On a drive to Rockford, IL, a couple of summers ago, a blurb in the local paper caught my eye. An “Indian” film was being shot at the local airport. Curious to the max, I dug into the aforementioned film and learned that a filming crew for a project titled Legally Desi had converged to shoot a scene at the nearly-deserted Rockford airport, which would stand in for a busy terminal at Chicago’s behemoth O’Hare International. My curiosity into how this would translate onto the big screen made me anticipate Legally Desi ever since.
For us Midwesterners, seeing the Chicago skyline—the premiere urban destination for all moderns here—on a large screen English language Indian-American flick is as much a cinematic homecoming epiphany as it gets. Be it My Beautiful Greek Wedding or Legally Desi, the affect is the same. Elation. Pride. Testosterone boost. Hardcore proof to the snobs on the continental coasts that the distance between LAX and JFK is not just flat, fettered, flyover country.
Which brings us to Legally Desi, an off-center, slightly beguiling, and ambitious filmmaking debut of Chicago-based Amin Rupani. Using a local crew and cast, this Desi follows the misadventures of newly-arrived-to-America Jaspal (Ghazi) who is keenly interested in transforming his temporary student visa status into a permanent green card.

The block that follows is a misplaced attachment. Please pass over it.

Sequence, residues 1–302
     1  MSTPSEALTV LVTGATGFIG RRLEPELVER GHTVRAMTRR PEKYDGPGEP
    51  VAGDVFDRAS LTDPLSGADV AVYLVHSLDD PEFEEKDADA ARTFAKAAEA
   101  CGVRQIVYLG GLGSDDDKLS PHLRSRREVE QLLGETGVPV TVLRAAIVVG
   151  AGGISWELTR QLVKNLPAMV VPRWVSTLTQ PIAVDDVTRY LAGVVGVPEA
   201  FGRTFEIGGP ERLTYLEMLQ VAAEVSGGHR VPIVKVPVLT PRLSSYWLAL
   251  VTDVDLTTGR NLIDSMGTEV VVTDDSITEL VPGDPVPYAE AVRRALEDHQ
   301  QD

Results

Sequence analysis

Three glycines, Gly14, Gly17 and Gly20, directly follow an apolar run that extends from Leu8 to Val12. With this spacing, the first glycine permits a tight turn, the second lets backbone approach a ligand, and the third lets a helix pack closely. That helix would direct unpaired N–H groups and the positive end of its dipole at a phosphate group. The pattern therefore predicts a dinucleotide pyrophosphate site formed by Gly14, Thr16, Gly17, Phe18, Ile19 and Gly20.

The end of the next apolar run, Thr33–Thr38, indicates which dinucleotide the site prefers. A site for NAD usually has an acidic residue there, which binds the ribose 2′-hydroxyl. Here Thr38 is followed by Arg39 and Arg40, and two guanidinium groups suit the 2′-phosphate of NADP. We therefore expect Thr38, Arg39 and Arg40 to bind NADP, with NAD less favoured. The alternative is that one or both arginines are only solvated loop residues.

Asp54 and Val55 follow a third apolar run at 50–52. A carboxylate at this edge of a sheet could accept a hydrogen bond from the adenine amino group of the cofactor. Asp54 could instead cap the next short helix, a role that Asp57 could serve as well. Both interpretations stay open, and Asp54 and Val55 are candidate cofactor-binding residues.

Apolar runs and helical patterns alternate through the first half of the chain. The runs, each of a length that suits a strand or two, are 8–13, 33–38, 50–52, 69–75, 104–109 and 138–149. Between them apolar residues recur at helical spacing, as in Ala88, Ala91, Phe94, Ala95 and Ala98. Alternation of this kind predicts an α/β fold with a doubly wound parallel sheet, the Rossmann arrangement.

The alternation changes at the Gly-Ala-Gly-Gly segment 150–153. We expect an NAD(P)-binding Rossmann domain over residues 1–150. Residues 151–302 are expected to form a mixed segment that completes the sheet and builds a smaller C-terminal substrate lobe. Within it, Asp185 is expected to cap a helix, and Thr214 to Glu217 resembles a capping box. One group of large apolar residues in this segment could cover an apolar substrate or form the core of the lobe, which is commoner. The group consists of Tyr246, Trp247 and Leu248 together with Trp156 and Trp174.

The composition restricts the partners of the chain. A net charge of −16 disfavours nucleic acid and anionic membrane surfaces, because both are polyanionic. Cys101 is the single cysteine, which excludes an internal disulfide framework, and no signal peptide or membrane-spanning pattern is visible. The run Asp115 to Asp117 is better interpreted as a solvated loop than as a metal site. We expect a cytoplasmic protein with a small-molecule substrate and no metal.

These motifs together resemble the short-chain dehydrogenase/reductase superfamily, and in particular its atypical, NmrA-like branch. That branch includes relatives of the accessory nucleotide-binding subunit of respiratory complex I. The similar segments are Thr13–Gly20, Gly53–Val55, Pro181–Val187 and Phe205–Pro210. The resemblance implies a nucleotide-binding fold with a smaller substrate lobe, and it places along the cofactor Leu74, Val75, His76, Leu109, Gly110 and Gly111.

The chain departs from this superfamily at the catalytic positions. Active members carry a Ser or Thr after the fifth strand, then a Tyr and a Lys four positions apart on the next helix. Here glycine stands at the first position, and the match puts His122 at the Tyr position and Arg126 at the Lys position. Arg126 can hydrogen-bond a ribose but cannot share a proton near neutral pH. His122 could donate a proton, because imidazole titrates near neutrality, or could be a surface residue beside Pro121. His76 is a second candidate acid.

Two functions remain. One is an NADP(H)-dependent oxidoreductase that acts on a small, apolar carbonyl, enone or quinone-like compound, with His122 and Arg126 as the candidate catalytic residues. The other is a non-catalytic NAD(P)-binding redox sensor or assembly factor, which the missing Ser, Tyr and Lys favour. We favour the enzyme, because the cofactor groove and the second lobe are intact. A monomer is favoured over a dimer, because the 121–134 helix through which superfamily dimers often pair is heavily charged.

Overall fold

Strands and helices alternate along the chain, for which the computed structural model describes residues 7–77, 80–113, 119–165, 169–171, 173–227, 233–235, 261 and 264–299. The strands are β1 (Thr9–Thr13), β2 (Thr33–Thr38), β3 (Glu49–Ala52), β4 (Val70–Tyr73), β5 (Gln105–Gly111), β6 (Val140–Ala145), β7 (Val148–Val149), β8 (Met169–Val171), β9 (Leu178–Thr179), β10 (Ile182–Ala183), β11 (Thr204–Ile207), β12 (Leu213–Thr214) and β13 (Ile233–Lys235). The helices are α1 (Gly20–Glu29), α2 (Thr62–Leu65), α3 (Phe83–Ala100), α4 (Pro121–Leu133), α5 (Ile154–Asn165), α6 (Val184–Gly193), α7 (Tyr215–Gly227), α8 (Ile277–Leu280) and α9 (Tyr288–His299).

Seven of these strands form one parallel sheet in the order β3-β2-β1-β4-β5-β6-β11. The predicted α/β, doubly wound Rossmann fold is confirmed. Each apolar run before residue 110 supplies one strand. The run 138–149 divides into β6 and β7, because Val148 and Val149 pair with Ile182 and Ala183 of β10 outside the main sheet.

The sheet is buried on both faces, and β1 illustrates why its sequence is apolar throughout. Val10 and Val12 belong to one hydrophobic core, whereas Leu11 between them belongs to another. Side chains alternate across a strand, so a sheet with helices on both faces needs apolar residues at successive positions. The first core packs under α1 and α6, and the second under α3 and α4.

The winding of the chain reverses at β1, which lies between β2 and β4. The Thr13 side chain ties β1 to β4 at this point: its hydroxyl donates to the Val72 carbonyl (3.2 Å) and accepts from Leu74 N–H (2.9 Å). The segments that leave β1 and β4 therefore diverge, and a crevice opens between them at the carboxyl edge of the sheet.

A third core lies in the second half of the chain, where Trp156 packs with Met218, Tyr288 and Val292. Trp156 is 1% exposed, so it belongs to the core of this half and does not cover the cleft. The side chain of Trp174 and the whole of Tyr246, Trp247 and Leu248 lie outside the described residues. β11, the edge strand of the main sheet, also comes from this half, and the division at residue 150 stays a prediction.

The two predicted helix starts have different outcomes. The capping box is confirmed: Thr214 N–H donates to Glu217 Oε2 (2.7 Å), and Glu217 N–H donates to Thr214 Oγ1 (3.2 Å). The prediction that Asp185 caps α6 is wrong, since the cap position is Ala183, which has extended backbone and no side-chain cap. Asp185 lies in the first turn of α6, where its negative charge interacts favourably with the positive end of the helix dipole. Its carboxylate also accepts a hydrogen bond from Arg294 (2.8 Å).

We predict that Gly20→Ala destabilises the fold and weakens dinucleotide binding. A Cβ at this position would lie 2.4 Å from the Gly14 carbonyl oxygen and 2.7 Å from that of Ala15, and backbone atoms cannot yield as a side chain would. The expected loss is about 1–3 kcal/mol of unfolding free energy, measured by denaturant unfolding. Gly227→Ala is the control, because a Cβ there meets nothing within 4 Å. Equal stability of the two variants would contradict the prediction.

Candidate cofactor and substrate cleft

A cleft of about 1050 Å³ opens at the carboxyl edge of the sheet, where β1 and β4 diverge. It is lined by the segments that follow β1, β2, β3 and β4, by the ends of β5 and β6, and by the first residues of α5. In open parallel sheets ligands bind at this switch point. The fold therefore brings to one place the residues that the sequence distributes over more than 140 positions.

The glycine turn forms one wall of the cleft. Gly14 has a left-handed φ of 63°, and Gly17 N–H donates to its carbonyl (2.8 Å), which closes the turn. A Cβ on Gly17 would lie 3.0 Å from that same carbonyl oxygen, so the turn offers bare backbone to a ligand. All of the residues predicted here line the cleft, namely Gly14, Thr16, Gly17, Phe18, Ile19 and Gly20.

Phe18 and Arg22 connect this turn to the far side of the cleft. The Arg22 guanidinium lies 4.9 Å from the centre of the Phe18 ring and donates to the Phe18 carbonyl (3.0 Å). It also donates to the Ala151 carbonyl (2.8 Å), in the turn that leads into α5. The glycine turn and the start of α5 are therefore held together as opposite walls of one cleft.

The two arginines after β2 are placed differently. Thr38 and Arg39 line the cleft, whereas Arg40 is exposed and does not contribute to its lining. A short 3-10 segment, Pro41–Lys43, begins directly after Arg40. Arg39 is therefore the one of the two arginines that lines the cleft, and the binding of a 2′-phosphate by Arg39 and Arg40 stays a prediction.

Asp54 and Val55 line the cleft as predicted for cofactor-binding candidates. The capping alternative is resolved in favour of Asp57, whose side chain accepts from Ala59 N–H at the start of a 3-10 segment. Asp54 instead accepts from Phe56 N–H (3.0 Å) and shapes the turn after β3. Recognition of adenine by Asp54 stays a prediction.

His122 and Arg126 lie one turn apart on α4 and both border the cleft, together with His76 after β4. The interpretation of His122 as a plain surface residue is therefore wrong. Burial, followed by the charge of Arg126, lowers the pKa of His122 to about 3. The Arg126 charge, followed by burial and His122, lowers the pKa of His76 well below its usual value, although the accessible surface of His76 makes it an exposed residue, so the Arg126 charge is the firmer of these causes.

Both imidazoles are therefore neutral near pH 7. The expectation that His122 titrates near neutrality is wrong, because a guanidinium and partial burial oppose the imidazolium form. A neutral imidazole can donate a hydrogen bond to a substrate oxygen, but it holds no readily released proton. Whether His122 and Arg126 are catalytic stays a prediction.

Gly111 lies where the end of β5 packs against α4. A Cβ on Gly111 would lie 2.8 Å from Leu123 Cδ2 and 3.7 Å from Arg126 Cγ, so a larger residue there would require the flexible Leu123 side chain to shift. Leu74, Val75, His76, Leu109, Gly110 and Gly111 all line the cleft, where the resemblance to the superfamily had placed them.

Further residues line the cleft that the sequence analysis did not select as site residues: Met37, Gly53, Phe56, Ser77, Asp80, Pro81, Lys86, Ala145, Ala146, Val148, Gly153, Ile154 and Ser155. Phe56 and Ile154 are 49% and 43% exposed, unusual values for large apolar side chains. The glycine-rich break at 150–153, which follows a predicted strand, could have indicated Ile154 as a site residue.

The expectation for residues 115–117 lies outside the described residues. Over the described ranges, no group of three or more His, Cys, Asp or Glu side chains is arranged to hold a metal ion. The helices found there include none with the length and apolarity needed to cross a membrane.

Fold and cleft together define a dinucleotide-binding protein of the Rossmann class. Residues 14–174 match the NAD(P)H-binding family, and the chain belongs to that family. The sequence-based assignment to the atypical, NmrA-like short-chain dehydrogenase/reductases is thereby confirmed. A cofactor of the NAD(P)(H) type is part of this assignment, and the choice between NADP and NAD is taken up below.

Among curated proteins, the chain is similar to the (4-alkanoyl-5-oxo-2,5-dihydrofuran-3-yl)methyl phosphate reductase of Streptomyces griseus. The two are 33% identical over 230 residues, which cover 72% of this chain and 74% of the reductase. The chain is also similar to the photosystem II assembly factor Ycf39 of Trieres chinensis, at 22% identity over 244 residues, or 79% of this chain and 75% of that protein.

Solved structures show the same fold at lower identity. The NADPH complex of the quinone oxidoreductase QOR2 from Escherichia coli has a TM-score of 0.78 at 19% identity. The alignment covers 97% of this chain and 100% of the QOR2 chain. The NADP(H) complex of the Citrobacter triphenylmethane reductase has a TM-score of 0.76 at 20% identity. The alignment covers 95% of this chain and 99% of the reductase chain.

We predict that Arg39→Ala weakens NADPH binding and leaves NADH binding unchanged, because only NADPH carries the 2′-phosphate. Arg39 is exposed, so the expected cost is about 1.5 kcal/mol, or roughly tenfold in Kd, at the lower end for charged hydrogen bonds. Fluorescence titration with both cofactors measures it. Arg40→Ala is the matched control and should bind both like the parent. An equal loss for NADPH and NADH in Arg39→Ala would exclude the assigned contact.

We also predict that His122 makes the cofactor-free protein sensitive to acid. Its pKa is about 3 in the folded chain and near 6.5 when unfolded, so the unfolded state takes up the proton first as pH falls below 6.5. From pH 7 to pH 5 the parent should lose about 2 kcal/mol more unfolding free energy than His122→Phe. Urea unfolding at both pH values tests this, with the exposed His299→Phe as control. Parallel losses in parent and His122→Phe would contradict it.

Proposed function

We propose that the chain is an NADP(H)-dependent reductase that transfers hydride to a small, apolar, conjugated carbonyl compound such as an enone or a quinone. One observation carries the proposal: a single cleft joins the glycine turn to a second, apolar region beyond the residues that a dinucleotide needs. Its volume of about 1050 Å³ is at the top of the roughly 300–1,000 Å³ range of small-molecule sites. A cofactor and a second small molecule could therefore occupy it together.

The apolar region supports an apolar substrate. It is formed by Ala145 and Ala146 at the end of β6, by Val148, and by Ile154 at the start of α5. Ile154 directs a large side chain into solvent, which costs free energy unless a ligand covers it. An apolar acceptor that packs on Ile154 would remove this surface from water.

Just two things stand in his way. No. 1, to establish permanent residency, Jaspal must first 1) find and, 2) marry a suitable woman with permanent residency status. No. 2, Simran (Bhatt), the nubile ABCD princess that Jaspal gets attracted to, also embodies the same Western horrors (makeup, speech without an accent, mini-skirts and die-hard shopping) that all well-behaved desi mama’s boys are warned about before they embark on an American adventure.
With some difficulty, Jaspal reconciles his cultural training with his newfound sense of freedom. Before Jaspal and Simran can settle on the same assimilation groove, however, a school of misconceptions, preconceived notions and, yes, stereotypes have to be overcome.
While Legally Desi narrowly misses the carefree cross-cultural flair that made American Desi the darling of the 2001 film season, director Rupani and company improvise with drive and enthusiasm. A less self-conscious delivery from some first-time performers, better writing, and tighter editing (especially towards the end) could have transformed some of the crude R-rated jokes into crude R-rated zingers.
However, the inclusive Americanism that Rupani celebrates—the script makes stops of gays, lesbians, frequent masturbators, married men tempted by hookers, and heavily-accented men (seldom women) who have trouble being understood—lands Legally Desi on a terrain that is edgier than American Desi.
One of the joys of living in America is the option for anyone with a hyphenated identity to define the moment when the hyphenation gets the axe. As Legally Desi proves, for some it’s the moment you decide to throw in the towel and make a movie about the axing. That makes Legally Desi worth a look.